Earth Imaging Journal: Remote Sensing, Satellite Images, Satellite Imagery
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On the left, La Niña cools off the ocean surface (greens and blues) in winter 1988. On the right, El Niño warms the ocean surface (oranges and reds) in winter 1997. (Courtesy of Pacific Northwest National Laboratory)

On the left, La Niña cools off the ocean surface (greens and blues) in winter 1988. On the right, El Niño warms the ocean surface (oranges and reds) in winter 1997. (Courtesy of Pacific Northwest National Laboratory)

A study published in Nature Communications suggests that  El Niño and La Niña weather patterns could lead to at least a doubling of extreme droughts and floods in California later this century. The study also predicts more-frequent extreme weather events.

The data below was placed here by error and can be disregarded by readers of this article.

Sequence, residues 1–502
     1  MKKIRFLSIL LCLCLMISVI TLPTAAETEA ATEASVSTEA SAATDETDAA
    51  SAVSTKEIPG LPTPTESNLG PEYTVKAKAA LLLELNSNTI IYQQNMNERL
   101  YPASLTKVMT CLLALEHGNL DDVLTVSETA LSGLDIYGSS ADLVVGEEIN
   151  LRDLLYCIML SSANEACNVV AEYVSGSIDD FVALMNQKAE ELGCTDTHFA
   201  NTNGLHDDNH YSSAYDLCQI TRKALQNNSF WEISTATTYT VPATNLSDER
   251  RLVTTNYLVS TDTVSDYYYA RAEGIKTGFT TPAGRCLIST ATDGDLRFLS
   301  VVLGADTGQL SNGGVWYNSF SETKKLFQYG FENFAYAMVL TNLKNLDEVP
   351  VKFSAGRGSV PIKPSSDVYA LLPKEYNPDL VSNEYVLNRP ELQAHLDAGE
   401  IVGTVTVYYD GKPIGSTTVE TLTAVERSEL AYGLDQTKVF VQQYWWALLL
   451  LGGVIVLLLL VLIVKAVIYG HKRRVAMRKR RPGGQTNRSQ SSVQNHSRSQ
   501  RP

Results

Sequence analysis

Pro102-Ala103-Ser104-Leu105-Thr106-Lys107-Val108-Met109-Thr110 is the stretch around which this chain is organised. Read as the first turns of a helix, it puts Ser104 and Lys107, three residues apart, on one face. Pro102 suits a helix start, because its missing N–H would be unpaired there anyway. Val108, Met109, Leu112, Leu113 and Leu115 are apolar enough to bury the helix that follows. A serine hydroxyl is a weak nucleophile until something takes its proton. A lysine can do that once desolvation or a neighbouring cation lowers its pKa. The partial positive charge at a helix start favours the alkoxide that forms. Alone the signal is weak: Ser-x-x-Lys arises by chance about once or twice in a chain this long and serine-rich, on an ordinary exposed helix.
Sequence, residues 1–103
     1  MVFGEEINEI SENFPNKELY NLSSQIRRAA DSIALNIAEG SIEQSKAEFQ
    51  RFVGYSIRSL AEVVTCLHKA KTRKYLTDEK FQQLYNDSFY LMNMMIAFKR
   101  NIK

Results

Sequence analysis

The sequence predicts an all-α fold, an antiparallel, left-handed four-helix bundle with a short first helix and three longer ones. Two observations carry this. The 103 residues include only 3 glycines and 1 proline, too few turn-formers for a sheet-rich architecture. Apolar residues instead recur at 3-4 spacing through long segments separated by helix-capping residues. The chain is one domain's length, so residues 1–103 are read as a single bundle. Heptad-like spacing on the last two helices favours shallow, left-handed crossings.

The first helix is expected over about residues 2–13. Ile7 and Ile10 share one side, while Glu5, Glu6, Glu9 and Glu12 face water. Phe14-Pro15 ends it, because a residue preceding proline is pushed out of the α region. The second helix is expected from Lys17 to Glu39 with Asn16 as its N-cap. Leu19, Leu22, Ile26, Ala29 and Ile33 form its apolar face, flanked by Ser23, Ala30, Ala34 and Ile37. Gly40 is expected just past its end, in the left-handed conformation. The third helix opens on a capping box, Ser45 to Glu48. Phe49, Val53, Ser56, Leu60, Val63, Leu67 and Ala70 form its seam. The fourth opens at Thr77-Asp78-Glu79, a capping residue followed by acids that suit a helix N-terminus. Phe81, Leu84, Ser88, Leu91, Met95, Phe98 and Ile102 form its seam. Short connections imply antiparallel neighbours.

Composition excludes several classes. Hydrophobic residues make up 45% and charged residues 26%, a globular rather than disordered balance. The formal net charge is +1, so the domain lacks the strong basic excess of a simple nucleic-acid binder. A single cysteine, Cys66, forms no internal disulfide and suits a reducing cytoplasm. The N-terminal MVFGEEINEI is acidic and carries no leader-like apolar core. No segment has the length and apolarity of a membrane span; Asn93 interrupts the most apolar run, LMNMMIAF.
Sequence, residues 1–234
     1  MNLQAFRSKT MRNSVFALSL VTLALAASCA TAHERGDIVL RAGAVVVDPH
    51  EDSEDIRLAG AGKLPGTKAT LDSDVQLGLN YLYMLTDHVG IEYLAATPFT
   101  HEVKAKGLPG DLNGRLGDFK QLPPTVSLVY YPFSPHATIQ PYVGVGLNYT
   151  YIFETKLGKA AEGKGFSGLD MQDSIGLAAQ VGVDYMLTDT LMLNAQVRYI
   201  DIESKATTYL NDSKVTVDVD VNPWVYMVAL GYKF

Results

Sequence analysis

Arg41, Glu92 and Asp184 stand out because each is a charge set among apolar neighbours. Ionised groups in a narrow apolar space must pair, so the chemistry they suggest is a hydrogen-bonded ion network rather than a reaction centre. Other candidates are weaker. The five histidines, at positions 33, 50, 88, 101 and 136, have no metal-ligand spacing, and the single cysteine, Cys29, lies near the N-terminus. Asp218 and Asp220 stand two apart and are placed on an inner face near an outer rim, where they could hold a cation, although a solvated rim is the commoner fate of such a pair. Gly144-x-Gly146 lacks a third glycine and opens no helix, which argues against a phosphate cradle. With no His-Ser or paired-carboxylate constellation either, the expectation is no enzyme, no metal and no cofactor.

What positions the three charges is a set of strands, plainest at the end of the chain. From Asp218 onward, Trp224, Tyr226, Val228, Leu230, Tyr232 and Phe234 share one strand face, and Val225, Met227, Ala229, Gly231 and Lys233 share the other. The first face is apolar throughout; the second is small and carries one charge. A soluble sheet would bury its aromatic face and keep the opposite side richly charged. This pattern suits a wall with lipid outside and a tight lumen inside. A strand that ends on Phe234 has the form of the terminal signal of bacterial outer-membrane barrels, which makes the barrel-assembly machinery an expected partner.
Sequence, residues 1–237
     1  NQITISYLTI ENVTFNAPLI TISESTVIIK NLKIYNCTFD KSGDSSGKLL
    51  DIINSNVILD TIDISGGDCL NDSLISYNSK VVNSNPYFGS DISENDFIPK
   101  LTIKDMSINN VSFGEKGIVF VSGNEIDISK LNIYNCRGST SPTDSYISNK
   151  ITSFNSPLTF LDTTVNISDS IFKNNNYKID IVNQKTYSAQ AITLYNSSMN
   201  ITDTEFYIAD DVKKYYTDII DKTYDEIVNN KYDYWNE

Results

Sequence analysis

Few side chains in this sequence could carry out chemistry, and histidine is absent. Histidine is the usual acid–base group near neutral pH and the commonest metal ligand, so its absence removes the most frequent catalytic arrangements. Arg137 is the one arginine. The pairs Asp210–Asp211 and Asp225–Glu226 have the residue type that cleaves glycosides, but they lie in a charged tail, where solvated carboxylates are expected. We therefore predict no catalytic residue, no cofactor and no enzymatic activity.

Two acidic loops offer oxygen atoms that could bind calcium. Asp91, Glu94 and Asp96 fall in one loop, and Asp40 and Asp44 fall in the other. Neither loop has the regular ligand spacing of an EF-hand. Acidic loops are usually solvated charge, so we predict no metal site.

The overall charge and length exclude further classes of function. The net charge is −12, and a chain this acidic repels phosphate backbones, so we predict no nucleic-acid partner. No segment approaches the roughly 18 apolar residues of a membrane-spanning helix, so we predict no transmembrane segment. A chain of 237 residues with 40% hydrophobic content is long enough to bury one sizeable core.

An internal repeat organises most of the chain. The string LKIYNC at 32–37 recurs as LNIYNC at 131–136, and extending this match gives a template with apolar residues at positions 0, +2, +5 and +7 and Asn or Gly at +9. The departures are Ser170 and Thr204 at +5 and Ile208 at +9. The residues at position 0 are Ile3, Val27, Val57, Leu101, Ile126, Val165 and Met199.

A better understanding of what gives rise to El Niño and La Niña—together known as El Niño-Southern Oscillation (ENSO)—might help California predict and prepare for more frequent droughts and floods in the coming century.

“Wet and dry years in California are linked to El Niño and La Niña. That relationship is getting stronger,” said atmospheric scientist Jin-Ho Yoon of the Department of Energy’s Pacific Northwest National Laboratory. “Our study shows that ENSO will be exhibiting increasing control over California weather.”

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